The East African Data Handlers Co. (EADH) recently unveiled two solution offerings – Ujanja Mobile and Ujanja Laptop – that enable a user to track the geographical location of one’s mobile phone and/or laptop in the event that it gets stolen. Not only is there no reference of the services on the company website as of this writing (update: site now appears to be live), but also I can’t help but think that these ideas were not that well though out.
First, on how it works
So lets say you’re into the idea of tracking your GSM phone. You pay the annual KSh. 1,999 to EADH and have the tracking software installed on the phone. You enter a preferred number to which the tracking info will be sent in the future in the event of loss. For now, it runs as a background service so you don’t even notice as it lays low like a crouching tiger, hidden dragon. I digress. Your phone gets stolen(!). As soon as the perpetrator replaces your SIM with theirs, it springs into action, grabbing the crook’s phone number from their newly installed SIM and sending it to your previously setup contact number. That’s it.
Outwit. Outcall. Outlast.
‘Ujanja‘, by the way, is Swahili for craftiness. Symbolic? Perhaps, but not exactly the most appropriate product name. Will it gain traction? A marketing FAIL in my book.
So what is the main thrust behind this product? It gives you, the subscriber, the unfettered power to literally bug your snitch into submission by repeatedly calling them to the point they call truce and arrange a meet-up to return the gadget. Ok, my interpretation, but apparently, the measure of success of their product lies in the level of your confrontational skills, over the phone! I can only imagine the testimonials to be made of these..
More pertinent questions
What if I need to change SIM cards on my phone, like I sometimes do with my old phone – will the alert trigger?
Who pays for all the alert text messages – if the preferred contact, for how much per text? Or if taken out of the subscription fee, what if I exceed KSh. 2000 worth of texts over the year? You’ll be losing money, now won’t you?
Finally, why would anyone go to that much trouble to track a phone? Well, the only plausible reason that comes to mind would be to retrieve valuable contact information stored therein. However, that only goes to show that the owner did not perform due diligence and backup this data prior either old-school on the good ol’ rolodex or using phone management software like Motorola Phone Tools (that I use for my RIZR).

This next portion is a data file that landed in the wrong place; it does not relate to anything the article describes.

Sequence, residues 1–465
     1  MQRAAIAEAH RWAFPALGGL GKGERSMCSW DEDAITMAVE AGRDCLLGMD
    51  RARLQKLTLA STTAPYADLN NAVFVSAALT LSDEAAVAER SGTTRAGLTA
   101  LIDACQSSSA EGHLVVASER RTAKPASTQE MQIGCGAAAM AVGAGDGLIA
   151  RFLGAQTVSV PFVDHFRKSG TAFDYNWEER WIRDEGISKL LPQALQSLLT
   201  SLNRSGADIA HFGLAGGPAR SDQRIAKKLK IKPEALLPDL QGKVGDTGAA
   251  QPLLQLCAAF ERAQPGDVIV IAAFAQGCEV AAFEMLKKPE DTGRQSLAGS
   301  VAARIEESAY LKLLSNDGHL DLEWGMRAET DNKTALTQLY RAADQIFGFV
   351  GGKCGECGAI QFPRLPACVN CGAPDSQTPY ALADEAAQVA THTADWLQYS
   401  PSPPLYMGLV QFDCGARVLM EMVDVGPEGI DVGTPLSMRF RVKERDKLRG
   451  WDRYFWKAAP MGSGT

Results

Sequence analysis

How can this service be improved?
In the vast majority of cases, a phone that’s stolen is more than likely irretrievably gone. Write if off. You’re not going to get it back by wearing down the crook with phone calls; on the contrary, the only thing you’ll be running down is your airtime balance. A healthy dose of pragmatism. Tracking information is good only if it’s in real-time because the phone and it’s bearer are likely mobile (duh).
So can this service be improved? Yes. By making this information available in real-time using, say, a Google Maps mashup with location awareness. What’s more you can actually do this for free using Google Latitude. This works on higher-end mobile phones like the iPhone, Blackberry, HTC and Android-powered phones. More value needs to be added to the bundle, like remote data retrieval.
Then again most commonly phones in the region are either not 3G-enabled for the bandwidth or the network infrastructure in the area is not elaborate enough. Further, if the perp knows any better and disables data services on the device, the whole recovery effort goes up in smoke.
I think this is a great service in theory and in fact it’s been done before in other parts of the world, for instance using BuddyWay. But like most things African, the solution needs to be localized for the region. For instance one really can’t rely on law enforcement to help you retrieve your phone once you have the thief’s phone number.
Do subscribers need to pay $$ for this software? Methinks not. You’re better off calling Safaricom Support and having them deactivate your SIM and/or block your phone for free. Then even the crook will find no use for the phone and maybe, just maybe, will return your gizmo.